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The Rev. Arnold Godfrey Taylor August 24, 1925~March 20, 2019

Arnold Taylor, 93, an Episcopal priest who served as rector of Christ Church, Durham Parish, in Nanjemoy, MD, from 1971 to 1993, died March 20, 2019 in Washington, DC.

Mr. Taylor was born in Providence, R.I., and grew up both in the city and on a farm. He served in WWII as a military policeman with the 99th Infantry Division in Germany.

After earning a degree in journalism at Pacific University in Oregon, Mr. Taylor settled in 1952 in Washington, DC, where he worked at the Evening Star, advancing from copy boy to photographer to assistant picture editor.

He married Lilian Bedinger on July 3, 1954, and they had three children.

In 1965, Taylor left the newspaper business to attend Virginia Theological Seminary. He was ordained in 1969.

He served first as assistant rector at Christ Church in Clinton, MD. In 1971, he was called as rector of Christ Church, Durham Parish, where he served for 22 years. He was a gifted pastor, always ready to meet people where they were. In the larger community, his contributions included organizing a Boy Scout troop and helping to establish Hospice of Charles County.

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‘You turn us on and we’re there’: Looking back at 50 years of news on WTOP

2019 audiences have a seemingly insatiable appetite for news on the radio (and on TV and online), but the listeners of 1969 weren’t buying all-news radio early on.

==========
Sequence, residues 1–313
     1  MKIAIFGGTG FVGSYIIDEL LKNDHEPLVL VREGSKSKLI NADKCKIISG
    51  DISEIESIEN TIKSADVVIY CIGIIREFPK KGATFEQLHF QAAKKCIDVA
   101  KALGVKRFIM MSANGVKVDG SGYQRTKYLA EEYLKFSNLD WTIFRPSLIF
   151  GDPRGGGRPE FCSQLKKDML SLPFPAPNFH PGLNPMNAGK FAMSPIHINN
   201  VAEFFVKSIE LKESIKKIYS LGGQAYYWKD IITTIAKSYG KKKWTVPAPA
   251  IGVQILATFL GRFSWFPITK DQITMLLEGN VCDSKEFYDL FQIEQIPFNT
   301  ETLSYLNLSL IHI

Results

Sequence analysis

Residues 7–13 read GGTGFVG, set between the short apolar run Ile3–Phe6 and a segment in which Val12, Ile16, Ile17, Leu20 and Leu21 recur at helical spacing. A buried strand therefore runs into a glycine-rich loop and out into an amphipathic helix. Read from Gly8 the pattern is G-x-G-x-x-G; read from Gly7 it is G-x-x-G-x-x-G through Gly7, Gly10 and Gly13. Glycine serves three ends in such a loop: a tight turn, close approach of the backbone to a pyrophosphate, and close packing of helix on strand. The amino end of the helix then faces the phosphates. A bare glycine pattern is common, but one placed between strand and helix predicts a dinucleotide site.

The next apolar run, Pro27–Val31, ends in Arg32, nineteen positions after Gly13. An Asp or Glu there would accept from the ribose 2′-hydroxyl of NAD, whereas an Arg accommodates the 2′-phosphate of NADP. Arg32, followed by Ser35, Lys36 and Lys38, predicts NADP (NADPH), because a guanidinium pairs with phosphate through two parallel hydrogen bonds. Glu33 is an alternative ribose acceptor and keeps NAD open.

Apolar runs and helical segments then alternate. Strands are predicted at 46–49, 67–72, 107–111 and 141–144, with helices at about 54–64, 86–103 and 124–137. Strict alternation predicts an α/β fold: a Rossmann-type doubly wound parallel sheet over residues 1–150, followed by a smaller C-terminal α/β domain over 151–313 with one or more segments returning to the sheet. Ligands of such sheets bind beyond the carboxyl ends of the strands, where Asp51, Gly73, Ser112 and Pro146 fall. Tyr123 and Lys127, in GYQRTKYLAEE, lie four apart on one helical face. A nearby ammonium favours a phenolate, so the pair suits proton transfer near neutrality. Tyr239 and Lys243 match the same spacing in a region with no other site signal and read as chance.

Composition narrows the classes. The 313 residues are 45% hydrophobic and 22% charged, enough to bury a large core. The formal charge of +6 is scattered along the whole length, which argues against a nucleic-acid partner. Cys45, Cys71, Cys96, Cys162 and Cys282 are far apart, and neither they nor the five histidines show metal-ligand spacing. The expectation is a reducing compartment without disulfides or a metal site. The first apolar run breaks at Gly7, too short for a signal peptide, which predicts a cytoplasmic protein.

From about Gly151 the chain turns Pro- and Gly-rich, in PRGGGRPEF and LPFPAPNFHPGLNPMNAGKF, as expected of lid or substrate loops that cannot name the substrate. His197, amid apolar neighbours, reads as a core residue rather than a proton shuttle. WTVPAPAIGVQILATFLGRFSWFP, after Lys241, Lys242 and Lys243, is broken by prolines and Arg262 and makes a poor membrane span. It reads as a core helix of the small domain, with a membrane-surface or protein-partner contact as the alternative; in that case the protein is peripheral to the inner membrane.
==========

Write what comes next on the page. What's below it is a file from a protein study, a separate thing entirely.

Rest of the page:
“Most of my mail reflects dissatisfaction with WTOP’s all-news and information format,” wrote Bernie Harrison, TV critic for the Washington Star, days after the switch.

Yet there was promise. About a week later, Harrison saw a “revolutionary” quality to it all: “After 12 staggered hours of listening to WTOP’s new 24-hour nonstop news operation, however, I’m impressed but not precisely bewitched by the phlegmatic performance,” he wrote.

Uh … thanks?

While the station has focused its programming on news for 50 years, it’s only fair to point out there have been diversions. There was a time when WTOP carried the great Larry King’s overnight talk show, and there was some weekend and sports programming.

Attribution: Jack Pointer,
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Faye Haskins New Book - The Evening Star: The Rise and Fall of a Great Washington Newspaper

The Evening Star: The Rise and Fall of a Great Washington Newspaper is the story of the 129-year history of one of the preeminent newspapers in journalism history when city newspapers across the country were at the height of their power and influence. The Star was the most financially successful newspaper in the Capital and among the top ten in the country until its decline in the 1970s. The paper began in 1852 when the capital city was a backwater southern town. The Star’s success over the next century was due to its singular devotion to local news, its many respected journalists, and the historic times in which it was published. The book provides a unique perspective on more than a century of local, national and international history.